Chengdu isn?t somewhere where there are a lot of sites to see, but it?s a large city on my way South to the Yunnan Province. From Xiahe I took the same 6-hour bus ride back to Lanzhou followed by a train ride that lasted over 20 hours. On the bus I sat next to a traditional Xiahe woman who smelled like yak butter and threw up into little baggies. A little boy and his grandpa, wearing his traditional blue government-issue jacket, slept in my section on the train. The little boy was completely terrified of me.
The Sichuan Province is mostly known for it?s spicy cooking and giant pandas. Although I?m pretty sure I?ve seen pandas in a zoo in the U.S. I thought it would be interesting to see a large number at once. China?s breeding center in Chengdu is considered a ?national treasure.? It?s a bit better than foreign zoos but not nearly as advanced as a similar facility would be in the Western world. In the video we were shown the workers didn?t even use gloves when picking up and treating newborns. In the section housing young pandas a worker teased one panda so they would beg on their hind legs for food–I don?t see how this is helping with reintroducing pandas into the wild. In any case, the pandas were awfully cute.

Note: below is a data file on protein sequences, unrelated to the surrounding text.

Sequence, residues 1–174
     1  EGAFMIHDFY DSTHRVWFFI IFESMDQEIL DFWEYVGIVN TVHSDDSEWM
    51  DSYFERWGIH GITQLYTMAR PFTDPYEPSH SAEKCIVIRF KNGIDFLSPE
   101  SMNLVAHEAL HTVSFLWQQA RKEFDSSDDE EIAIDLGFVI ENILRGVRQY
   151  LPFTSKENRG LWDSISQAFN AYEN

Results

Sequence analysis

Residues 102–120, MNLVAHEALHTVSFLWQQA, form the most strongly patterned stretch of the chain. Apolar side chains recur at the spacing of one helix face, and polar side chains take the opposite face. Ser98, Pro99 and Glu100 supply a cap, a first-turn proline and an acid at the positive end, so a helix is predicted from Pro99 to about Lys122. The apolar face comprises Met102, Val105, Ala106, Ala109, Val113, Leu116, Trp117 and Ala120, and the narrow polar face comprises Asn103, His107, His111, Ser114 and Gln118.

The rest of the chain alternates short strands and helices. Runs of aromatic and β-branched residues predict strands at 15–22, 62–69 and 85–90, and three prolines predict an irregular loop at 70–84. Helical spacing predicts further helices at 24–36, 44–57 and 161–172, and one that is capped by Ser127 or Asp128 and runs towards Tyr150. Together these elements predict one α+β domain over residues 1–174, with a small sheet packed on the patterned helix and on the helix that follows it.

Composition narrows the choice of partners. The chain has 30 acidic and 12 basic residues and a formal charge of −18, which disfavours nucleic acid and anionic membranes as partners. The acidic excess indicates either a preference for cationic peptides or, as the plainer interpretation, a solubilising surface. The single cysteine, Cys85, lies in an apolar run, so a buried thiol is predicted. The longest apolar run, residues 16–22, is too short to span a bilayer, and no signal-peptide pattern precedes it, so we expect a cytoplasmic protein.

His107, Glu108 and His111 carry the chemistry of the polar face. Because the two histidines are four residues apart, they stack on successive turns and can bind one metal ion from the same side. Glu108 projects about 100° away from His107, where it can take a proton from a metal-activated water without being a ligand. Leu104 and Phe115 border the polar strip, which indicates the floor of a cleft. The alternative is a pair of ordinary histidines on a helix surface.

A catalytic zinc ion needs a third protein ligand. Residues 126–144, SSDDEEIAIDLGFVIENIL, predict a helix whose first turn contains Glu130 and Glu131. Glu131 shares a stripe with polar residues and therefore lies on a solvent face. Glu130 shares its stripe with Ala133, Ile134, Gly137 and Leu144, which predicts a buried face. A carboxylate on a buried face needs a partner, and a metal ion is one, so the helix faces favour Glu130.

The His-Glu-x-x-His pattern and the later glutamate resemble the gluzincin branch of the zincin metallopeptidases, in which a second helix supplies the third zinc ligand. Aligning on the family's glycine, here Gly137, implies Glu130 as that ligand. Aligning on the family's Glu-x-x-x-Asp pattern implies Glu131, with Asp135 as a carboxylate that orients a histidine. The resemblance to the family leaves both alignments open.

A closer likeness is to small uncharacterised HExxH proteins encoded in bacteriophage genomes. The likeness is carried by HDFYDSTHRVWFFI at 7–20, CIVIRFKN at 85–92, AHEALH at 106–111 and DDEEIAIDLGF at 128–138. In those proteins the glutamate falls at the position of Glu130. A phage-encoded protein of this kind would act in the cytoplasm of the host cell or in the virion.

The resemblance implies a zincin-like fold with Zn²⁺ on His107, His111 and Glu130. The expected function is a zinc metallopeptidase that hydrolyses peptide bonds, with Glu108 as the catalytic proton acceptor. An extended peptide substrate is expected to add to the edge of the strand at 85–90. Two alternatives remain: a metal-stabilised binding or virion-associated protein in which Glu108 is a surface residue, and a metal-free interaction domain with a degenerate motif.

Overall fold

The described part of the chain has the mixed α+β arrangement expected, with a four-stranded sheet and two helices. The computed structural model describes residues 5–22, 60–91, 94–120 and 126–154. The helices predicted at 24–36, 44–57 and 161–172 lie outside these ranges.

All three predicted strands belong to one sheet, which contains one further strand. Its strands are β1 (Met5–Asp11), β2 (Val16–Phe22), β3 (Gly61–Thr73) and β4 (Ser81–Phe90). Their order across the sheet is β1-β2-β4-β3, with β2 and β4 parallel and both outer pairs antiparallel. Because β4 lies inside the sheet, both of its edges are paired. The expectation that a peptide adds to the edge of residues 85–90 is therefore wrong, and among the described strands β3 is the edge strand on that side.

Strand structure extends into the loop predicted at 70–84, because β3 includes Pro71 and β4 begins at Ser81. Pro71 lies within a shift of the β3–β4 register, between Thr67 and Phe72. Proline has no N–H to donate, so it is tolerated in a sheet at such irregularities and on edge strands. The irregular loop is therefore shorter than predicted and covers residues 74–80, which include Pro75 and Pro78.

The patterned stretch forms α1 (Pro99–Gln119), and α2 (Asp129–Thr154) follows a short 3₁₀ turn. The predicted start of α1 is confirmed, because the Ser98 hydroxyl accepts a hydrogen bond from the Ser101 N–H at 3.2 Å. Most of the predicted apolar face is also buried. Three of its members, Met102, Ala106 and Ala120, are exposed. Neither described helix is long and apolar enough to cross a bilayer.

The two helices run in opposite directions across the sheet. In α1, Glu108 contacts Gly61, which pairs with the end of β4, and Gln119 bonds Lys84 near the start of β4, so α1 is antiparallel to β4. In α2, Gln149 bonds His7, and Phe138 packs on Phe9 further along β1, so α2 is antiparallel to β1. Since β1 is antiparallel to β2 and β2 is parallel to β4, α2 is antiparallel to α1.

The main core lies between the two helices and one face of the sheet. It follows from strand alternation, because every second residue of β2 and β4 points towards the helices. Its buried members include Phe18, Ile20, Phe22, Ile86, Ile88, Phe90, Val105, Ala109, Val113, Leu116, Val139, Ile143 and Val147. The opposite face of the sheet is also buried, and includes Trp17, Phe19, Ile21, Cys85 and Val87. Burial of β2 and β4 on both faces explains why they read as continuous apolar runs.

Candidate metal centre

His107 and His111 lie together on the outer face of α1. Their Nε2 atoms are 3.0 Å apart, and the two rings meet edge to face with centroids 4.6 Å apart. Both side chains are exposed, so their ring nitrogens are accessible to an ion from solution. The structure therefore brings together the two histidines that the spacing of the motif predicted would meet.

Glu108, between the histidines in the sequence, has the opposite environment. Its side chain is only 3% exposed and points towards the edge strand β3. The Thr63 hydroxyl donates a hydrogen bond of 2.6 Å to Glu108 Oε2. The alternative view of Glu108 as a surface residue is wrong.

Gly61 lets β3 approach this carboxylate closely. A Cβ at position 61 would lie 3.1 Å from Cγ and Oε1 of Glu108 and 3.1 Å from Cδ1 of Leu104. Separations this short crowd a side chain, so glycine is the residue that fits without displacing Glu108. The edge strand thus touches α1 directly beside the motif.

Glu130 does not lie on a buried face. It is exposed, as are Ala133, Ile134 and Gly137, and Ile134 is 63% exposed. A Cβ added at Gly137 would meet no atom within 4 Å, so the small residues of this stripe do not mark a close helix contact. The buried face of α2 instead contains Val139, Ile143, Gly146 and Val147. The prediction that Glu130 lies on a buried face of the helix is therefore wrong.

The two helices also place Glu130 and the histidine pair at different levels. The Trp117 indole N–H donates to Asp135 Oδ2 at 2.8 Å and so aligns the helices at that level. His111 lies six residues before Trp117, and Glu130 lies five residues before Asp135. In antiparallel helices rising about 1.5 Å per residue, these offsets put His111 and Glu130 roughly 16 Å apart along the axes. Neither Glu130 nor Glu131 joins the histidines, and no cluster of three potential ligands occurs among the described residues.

Chengdu also has a large number of tea houses. A temple I went housed hundreds of people talking and drinking tea. When I wandered around the complex I saw people singing in a small orchestra, lots of older people playing board games and checkers and women dancing in unison to an accordion. It seemed as if people really were enjoying the last sunny afternoon of the national holiday.